The report can be read here

The report, prepared by Tara Laan and Adilson de Oliveira, examines the rationale used by Brazilian governments to justify consumer fossil fuel subsidies and the interest groups which benefitted from them. Government policy during the 1980s, prior to the eventual liberalization of energy markets during the 1990s, involved complex cross subsidization between energy sectors. The Brazilian experience is useful for understanding the rationale for subsidies in countries with large regional and social disparities. Changes in subsidy policy often produced an uneven economic and social impact on different regions of Brazil and Brazilian society, depending on wealth and access to alternative energy sources. The main lessons learned from liberalizing Brazil's energy market focuses on government attempts to address the rationale used by interest groups to continue the use of existing fossil fuel subsidies.


International Institute for Sustainable Development (IISD)
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Email: info at globalsubsidies.org
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An overview of the entire series

'The Effects of Fossil-Fuel Subsidy Reform:Review of modelling & empirical studies'

Contributed by Kerryn Lang at www.iisd.org

This is the 2nd paper to be published in the series 'Untold Billions: Fossil-fuel subsidies, their impacts and the path to reform'.

Subsidies are powerful instruments and when granted to fossil fuels, which are at the heart of all modern economies, subsidies have impacts throughout the economy, society and environment. Understanding the complex trade-offs between the different impacts of subsidy reform is a challenge for any government considering phasing out fossil-fuel subsidies.

In this report, Jennifer Ellis provides a detailed literature review, focusing on the six modeling studies in the last 20 years that have attempted to analyze global impacts of subsidies for all fuels. The studies mostly considered effects on greenhouse gas emissions and gross domestic product, but very little of the work has considered other environmental impacts or social impacts. The paper highlights a number of areas where further research should be undertaken but concludes that there is already enough evidence to demonstrate the significant environmental and economic benefits of phasing out fossil-fuel subsidies, and recommends that policy-makers do not delay in beginning the reform process.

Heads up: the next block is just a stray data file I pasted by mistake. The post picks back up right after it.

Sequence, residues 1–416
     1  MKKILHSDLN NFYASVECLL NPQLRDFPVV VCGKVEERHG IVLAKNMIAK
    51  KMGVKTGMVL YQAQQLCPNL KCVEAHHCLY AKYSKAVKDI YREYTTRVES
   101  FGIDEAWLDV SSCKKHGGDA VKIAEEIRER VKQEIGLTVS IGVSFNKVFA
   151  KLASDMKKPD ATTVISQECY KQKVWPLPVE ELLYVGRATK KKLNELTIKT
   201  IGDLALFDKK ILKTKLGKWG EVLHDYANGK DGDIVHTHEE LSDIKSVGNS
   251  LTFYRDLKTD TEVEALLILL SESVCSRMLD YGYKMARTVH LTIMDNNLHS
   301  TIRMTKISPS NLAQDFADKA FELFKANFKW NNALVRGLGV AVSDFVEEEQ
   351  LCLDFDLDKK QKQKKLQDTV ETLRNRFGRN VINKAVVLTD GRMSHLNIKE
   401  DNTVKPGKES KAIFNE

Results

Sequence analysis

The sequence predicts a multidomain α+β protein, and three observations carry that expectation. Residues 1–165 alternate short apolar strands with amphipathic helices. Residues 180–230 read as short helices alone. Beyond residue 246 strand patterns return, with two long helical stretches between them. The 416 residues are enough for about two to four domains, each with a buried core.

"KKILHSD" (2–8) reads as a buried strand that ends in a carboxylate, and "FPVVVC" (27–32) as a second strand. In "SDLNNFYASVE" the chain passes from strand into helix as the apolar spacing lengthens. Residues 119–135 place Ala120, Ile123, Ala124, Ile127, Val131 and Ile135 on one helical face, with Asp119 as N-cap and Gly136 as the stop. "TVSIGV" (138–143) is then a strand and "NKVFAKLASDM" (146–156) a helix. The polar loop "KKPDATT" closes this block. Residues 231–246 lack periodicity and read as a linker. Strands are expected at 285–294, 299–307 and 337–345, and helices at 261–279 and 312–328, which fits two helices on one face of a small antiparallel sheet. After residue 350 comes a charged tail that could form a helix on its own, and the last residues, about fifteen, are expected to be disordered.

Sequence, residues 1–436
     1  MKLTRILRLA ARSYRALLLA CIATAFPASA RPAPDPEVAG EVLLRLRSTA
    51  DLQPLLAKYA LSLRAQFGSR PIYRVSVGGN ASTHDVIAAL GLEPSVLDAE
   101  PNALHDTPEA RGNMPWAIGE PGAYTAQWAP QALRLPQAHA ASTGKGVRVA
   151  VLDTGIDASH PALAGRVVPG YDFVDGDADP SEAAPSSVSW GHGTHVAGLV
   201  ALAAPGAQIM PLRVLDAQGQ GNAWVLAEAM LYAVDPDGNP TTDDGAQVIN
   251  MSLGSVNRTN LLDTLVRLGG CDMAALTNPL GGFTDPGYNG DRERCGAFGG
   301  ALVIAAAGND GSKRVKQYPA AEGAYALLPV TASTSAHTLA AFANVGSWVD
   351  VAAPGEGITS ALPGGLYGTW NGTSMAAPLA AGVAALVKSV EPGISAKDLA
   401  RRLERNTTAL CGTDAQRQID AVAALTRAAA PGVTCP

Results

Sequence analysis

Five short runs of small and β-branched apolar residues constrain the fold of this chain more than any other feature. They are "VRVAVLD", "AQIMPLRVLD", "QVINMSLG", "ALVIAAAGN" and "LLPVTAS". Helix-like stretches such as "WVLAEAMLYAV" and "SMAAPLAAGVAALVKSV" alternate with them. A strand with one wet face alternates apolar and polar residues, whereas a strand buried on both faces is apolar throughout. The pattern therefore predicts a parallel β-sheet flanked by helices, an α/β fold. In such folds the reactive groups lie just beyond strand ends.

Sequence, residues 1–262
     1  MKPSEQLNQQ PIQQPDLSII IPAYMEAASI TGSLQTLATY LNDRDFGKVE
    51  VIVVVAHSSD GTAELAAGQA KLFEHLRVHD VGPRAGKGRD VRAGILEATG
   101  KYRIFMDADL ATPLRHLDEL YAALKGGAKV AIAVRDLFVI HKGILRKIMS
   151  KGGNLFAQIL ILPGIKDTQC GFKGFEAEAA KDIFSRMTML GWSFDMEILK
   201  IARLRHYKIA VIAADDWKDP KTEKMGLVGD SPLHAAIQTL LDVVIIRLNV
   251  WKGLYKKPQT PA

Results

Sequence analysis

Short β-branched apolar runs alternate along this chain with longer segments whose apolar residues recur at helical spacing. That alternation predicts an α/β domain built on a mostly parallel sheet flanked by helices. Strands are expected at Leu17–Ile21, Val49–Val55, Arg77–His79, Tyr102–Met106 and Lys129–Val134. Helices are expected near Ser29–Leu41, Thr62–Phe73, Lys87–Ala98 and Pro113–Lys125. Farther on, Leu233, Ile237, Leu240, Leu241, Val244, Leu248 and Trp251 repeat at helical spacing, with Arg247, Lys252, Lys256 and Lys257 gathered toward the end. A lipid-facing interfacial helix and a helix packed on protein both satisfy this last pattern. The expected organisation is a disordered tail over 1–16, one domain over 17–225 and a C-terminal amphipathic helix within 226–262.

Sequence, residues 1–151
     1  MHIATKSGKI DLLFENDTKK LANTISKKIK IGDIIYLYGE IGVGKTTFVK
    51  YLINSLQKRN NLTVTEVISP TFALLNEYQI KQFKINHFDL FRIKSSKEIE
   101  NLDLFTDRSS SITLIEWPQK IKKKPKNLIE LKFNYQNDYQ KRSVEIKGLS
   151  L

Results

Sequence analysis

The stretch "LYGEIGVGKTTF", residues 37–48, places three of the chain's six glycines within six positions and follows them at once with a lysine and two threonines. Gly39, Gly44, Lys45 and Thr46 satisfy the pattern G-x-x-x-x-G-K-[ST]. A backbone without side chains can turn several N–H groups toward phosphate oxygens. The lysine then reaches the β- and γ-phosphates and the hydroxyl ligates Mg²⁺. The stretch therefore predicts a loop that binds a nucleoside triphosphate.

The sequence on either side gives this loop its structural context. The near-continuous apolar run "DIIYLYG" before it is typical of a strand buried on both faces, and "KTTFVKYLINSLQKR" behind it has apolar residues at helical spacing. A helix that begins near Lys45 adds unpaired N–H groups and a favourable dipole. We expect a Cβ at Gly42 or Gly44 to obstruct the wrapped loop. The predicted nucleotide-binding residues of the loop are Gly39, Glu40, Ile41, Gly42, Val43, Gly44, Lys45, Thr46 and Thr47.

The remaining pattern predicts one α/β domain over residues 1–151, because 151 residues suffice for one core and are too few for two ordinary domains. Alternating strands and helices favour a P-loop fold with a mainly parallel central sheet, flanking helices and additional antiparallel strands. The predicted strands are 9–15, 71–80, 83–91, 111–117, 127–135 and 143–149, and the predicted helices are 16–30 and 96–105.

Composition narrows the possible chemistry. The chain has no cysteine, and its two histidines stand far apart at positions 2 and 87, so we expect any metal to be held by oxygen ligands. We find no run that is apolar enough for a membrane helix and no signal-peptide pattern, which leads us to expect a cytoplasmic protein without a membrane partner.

As part of the 'Untold Billions' series, support for the paper "Gaining traction: the importance of transparency in accelerating the reform of fossil-fuel subsidies"* *was generously provided by the United Nations Environment Program (UNEP).

See an overview below of the entire series which consists of a synthesis paper and 5 reports:
  1. The Effects of Fossil-Fuel Subsidy Reform
  1. The Politics of Fossil-Fuel Subsidies
  2. Strategies for Reforming Fossil-Fuel Subsidies
  1. Gaining Traction: The importance of transparency in accelerating the reform of fossil-fuel subsidies
  2. Mapping the Characteristics of Fossil-Fuel Subsidies (to be released soon).

Further information

Contact:
Ms. Kerryn Lang
Research Officer,
Global Subsidies Initiative,
International Institute for Sustainable Development (IISD)
klang at iisd.org or +41.22.917.8920

Web: www.globalsubsidies.org/en/research/political-economy


The Global Subsidies Initiative (GSI) is pleased to announce the publication of Tara Laan's paper. "Gaining Traction: The importance of transparency in accelerating the reform of fossil-fuel subsidies" This paper is published as part of the series Untold Billions: Fossil-fuel subsidies, their impacts and the path to reform.

Transparency is the cornerstone of holding governments accountable for the ways in which they spend public money. As governments increasingly recognize that subsidizing fossil fuels undermines climate change, energy security and sustainable development objectives, good data and analysis will be vital for prioritising reform efforts and monitoring their effectiveness. This paper addresses the role that increased transparency could play in fossil-fuel subsidy reform and specifically asks what information and mechanisms are needed to support the G-20 and APEC calls for reform?

As part of her analysis, Tara Laan considers the role of many of the inter-governmental and non-governmental organizations that currently contribute to the field and discusses options for developing a collaborative and comprehensive international system for evaluating and reporting fossil-fuel subsidies. The paper concludes that two track approach is necessary: Domestic action to improve accounting and reporting, and international action to develop a new data gathering and management regime.

This paper would not have been possible without the support and financial assistance of the United Nations Environment Programme's Economics and Trade Branch.